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AT A GLANCE...
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Go Where I Will Never Go Again
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OTHER WALT DISNEY WORLD
OTHER DISNEY THEME
Exotic Treasures Found
in Epcot's Morocco!
This article appeared in the July 17, 2001 issue of ALL EARS®.
While the real Morocco is located on the westernmost tip of north Africa, bordering Algeria to the east and the Moroccan-occupied Western Sahara to the southeast, Epcot's Morocco pavilion is located between France and Japan, easy to spot from across the World Showcase Lagoon, by its unusual Koutoubia Minaret (prayer tower).
Added to World Showcase in 1984, the Epcot pavilion re-creates the architecture and atmosphere of this famed northern African kingdom. Three cities are represented: Casablanca, Fez, and Marrakesh. The landscape is dominated by plants of economic importance, a reflection of the integral role agriculture plays in this country.
Have you ever walked into Epcot's Morocco, decided there isn't much to see and kept going? Well, it might surprise you to learn there are some rather fascinating areas of the pavilion. Discover them by taking a free, 45-minute tour called the Treasures of Morocco, available periodically throughout the day. You will learn about the culture, history, and people of Morocco, as well as the basis for the Morocco Pavilion, enhanced with visits to the food market and Fez House.
The Gallery of Arts and History, a wonderful display of the science, music and technology of Morocco, is often overlooked. From the outside, a casual glance reveals only an ordinary heavy wooden door, but once inside, looking back through the door to the outside, you will see beautiful stained glass.
To the right of the Gallery is the Fez House, which represents a typical Moroccan home. There are beautiful mosaic tiles, carvings, and artifacts from daily life. If you are quiet when you approach the fountain, you just might hear children playing in the distance.
Restaurant Marrakesh, located at the end of the pavilion's winding pathway, offers traditional Moroccan cuisine and live entertainment, including a belly dancer. The lunch and dinner menus are almost identical, although lunch is less expensive.
If you're unsure about Moroccan food, consider trying it at a late lunch. Especially tasty are savory baked layers of thin pastry stuffed with minced chicken and almonds, sprinkled with cinnamon and powdered sugar known as bastillas. Also worth a try is the Lemon Chicken, a braised half-chicken seasoned with garlic, green olives and preserved lemon that is so tender it falls away from the bone.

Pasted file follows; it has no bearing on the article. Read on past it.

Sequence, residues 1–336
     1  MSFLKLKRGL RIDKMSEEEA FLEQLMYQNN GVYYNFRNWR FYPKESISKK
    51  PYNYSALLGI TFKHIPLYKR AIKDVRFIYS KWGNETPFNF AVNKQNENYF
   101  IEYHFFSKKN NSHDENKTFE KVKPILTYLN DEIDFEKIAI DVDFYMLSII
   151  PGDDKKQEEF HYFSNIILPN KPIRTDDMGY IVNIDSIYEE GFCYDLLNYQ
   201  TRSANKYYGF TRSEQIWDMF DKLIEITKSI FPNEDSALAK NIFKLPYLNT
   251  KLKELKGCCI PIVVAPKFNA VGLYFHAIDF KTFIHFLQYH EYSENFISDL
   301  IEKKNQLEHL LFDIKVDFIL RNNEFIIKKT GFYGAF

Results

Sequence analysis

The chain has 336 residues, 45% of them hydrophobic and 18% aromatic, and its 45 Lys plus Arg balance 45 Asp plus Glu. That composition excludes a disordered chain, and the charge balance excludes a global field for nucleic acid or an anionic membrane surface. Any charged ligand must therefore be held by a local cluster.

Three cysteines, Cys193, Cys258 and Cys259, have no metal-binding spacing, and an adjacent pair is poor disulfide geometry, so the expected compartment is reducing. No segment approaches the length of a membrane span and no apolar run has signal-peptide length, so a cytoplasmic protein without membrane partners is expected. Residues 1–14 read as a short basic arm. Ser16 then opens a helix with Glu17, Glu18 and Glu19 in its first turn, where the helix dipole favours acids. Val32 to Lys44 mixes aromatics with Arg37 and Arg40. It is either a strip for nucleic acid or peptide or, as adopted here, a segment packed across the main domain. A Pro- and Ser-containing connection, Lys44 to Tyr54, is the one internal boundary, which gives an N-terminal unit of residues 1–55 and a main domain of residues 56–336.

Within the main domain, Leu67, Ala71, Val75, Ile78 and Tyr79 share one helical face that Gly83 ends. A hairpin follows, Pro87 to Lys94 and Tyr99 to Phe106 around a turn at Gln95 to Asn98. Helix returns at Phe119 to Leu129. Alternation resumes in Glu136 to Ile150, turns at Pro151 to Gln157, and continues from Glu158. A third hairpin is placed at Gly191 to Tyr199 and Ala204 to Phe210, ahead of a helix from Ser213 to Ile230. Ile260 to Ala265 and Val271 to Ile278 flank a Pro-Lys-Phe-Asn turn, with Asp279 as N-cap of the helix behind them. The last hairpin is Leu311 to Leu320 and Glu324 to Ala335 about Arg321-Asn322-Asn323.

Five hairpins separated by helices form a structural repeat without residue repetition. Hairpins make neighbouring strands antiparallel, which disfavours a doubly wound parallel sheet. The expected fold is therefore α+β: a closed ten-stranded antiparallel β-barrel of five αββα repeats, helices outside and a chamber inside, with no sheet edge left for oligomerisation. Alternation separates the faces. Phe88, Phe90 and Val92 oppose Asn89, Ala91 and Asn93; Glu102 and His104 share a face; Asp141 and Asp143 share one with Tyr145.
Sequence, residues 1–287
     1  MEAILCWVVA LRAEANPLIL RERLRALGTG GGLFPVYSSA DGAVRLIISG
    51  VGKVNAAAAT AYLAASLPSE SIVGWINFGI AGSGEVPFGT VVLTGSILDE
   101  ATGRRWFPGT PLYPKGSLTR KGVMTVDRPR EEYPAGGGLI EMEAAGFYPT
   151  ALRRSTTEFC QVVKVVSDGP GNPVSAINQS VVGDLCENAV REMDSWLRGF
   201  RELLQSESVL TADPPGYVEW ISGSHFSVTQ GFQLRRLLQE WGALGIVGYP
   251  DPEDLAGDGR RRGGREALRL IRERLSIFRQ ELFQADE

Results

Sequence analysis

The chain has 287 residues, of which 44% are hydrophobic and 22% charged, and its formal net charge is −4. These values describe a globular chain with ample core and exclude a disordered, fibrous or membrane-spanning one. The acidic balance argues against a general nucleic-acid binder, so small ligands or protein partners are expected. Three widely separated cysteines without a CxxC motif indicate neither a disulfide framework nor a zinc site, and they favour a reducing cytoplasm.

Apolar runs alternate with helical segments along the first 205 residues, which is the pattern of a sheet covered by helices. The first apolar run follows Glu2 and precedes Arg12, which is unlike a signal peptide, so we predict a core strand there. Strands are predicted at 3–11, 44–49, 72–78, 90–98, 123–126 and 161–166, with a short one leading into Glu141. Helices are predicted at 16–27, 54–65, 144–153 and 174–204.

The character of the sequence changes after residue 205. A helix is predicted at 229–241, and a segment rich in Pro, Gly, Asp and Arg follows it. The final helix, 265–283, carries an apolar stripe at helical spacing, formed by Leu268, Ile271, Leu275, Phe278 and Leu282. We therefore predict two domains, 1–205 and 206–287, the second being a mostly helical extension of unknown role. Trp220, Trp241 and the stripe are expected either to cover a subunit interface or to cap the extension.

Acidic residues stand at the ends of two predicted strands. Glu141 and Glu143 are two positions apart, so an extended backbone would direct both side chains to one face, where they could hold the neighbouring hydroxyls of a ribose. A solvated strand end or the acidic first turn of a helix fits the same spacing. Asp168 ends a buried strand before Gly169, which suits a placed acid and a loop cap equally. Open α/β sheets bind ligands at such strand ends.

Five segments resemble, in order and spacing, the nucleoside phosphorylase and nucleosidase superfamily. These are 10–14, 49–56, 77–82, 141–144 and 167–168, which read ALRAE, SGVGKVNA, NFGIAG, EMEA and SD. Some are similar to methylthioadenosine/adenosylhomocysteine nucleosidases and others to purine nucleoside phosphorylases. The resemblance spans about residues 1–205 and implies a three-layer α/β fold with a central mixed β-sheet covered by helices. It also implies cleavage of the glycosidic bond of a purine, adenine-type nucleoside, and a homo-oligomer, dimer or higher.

Tangierine Cafe is a small open air cafe offering sandwiches, humus, vegetarian platters and desserts. It's a wonderful place for lunch that won't make you feel like you just ate a brick!! The vegetarian platter has fresh hummus and cold salads (substitutions can be made). Dine here for healthy, not heavy, but be sure to save room for dessert!
Morocco and the United States have a very long relationship dating back to the 1700s. Morocco was the first country to recognize the United States as a separate nation. In the lobby of Restaurant Marrakesh there are letters from George Washington and the Moroccan king.
If you have the time, take the Treasures of Morocco tour!! (It's FREE!)
Spend some time examining the intricate tile work throughout the pavilion.
Go into the back section of the Morocco pavilion. You will forget you are standing in Epcot.
The characters of Genie, Jasmine and Aladdin appear daily in Morocco.
Morocco is the only country in World Showcase sponsored by the government and not a corporation.
The Islamic religion prohibits artistic depiction of live objects, therefore, their artists have developed a unique style of abstract design. Rather than plants, animals and people often found in Western art, Islamic decoration consists of detailed geometric patterns represented in the tile walls and carved plaster of the buildings.
The prayer tower, at the entrance of the pavilion, is a detailed replica of the Koutoubia Minaret that stands in Marrakesh.
The buildings have great religious significance and so the nightly IllumiNations celebration does not spotlight the Moroccan pavilion buildings.
The king of Morocco sent his royal craftsmen to lay all the tile work, carvings and paintings in the pavilion.
There is an ancient working waterwheel that irrigates the gardens of the pavilion.